1. In which services or events organized by <Name of BMO> have you participated
   during the last year?
2. <Chambers/Business Associations> can support their members in various ways.
   How important are the following activities for your enterprise?
                             Not important 1 2 3 4 5 6 7 8 9 10 Very important
    Business news
    Legal advice
    Administrative advice
    Technical advice

                                              101                                                         World Bank Group
      Building the Capacity of BMOs: Guiding Principles For Project Managers

                           102                                      World Bank Group
               Building the Capacity of BMOs: Guiding Principles For Project Managers

     Trade fairs/exhibitions
     Meetings/social events
     International contacts
3. Outlined below are some services or events organized by <Name of BMO>. How
   satisfied are you with the performance of <Name of BMO> concerning the
   following activities?
                                 Not effective 1              2     3     4      5     6     7     8      9     10 Very
     <Service/event 1>
     <Service/event 2>
     <Service/event 3>
     <Service/event 4>
     <Service/event 5>
4. What other policy initiatives would you like to see from <Name of BMO>?
5. Rate the performance of <Name of BMO> in organizing business services and
   events for the last year:
       Has improved                           Unchanged                                  Has deteriorated

Comments:......................................................................                           Date:

                                              103                                                         World Bank Group
          Building the Capacity of BMOs: Guiding Principles For Project Managers

                              Annotated Bibliography

Bennett, Robert J.: Can Transaction Cost Economics Explain Voluntary Chambers
of Commerce?, in: Journal of Institutional and Theoretical Economics, 1996, Vol.
152 No. 4, pp. 654-680.
     This article stresses transaction costs as a good explanatory factor of the service de-
     livery and interest representation of British chambers of commerce. Representation is
     found to be the key function with high transaction costs but low capacity to raise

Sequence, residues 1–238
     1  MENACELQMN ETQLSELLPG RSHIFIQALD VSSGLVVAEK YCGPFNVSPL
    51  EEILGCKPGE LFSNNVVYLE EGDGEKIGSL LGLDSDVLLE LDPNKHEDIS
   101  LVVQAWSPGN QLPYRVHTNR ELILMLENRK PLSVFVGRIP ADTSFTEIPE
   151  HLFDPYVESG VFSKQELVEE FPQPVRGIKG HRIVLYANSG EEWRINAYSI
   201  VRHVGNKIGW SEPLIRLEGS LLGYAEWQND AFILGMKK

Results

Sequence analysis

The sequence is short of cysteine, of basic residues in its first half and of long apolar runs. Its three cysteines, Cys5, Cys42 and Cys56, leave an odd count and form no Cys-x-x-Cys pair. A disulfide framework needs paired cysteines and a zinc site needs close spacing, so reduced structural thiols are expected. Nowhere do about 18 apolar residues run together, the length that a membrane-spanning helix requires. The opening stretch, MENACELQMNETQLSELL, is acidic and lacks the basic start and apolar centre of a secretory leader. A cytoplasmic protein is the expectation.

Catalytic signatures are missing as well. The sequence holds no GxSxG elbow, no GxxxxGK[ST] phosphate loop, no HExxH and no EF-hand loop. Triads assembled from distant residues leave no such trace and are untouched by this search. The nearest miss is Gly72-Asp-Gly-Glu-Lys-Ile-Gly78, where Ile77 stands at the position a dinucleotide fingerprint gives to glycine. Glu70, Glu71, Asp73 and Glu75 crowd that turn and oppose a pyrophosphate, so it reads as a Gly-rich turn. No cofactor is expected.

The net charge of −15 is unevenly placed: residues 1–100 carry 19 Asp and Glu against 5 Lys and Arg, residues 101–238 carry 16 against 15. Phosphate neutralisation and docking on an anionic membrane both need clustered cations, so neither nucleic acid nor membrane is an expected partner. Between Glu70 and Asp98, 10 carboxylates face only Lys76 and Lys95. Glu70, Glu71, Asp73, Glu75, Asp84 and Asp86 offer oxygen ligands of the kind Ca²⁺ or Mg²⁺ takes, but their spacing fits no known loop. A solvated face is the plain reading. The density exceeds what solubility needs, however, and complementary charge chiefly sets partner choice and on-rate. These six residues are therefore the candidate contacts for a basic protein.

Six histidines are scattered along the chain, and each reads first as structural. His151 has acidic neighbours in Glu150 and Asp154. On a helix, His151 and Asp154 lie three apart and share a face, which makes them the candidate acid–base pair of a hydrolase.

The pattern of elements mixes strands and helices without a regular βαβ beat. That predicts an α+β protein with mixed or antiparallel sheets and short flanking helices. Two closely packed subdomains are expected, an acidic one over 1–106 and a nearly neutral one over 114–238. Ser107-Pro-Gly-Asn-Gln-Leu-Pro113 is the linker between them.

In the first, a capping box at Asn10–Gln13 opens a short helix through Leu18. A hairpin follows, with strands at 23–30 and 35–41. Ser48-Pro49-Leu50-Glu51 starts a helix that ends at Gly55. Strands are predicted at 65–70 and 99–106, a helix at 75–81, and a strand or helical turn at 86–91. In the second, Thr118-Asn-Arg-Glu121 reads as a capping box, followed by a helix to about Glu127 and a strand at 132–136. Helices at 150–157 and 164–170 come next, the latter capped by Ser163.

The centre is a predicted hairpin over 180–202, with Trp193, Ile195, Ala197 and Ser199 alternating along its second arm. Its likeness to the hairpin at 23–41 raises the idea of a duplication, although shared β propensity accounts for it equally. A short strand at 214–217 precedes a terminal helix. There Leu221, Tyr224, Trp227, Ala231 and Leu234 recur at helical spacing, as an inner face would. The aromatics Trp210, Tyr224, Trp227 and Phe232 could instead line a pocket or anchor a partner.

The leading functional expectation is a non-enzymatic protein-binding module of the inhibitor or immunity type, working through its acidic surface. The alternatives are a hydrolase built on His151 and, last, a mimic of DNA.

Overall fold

Gibson, Alan and Mark Havers: The Role of Small Business Membership
Organizations (SBMOs) in Small Enterprise Development, Durham 1994.
     This report presents the findings of a research project about the role of small business
     membership organizations in small enterprise development. The main aim was to
     identify ways in which SBMOs can further develop themselves and how donor and
     other agencies can assist them.

Hallberg, Kristin: A Market-oriented Strategy for Small and Medium-Scale
Enterprises, IFC Discussion Paper No. 40, Washington D.C. 2000.
     This paper investigates the economic rationale for intervention in support of small- and
     medium-scale enterprises, on both theoretical and empirical grounds. It argues that
     the justification for SME intervention lies in market and institutional failures which bias
     the size distribution of firms, rather than in any inherent economic benefits provided by
     small firms. The role of the state is mainly to provide an enabling business
     environment that opens access to markets and reduces policy-induced biases against
     small firms.

Levitsky, Jacob: Private Sector Support for Small Enterprises – Some Conclusions,
International Small Business Series No. 16, Goettingen 1993.
     This contribution is primarily concerned with two related issues: the broad outline of
     the potential roles of government, commercial service providers and private sector
     membership organizations in providing services to SMEs, on the one hand, and the
     discussion of a number of important questions regarding the organizational structure
     of private sector institutions on the other.

Little, Ian M. D., D. Mazumdar and J. M. Page: Small Manufacturing Enterprises, A
Comparative Analysis of India and Other Economies, New York, Oxford 1987.
    In this classic book on SME development, the authors take a closer look on the
    relationship between firm size and economic performance in developing countries.
    Based on case studies of three industries in India, they try to explain changes in size
    and structure by differences in factor proportions and substitution, technical efficiency,
    and entrepreneurship.

Meier, Ralf and Markus Pilgrim: Policy-induced Constraints on Small Enterprise
Development in Asian Developing Countries, in: Small Enterprise Development,
1994, Vol. 5, No.2, pp. 32-38.
     This article examines the macroeconomic policy framework in developing countries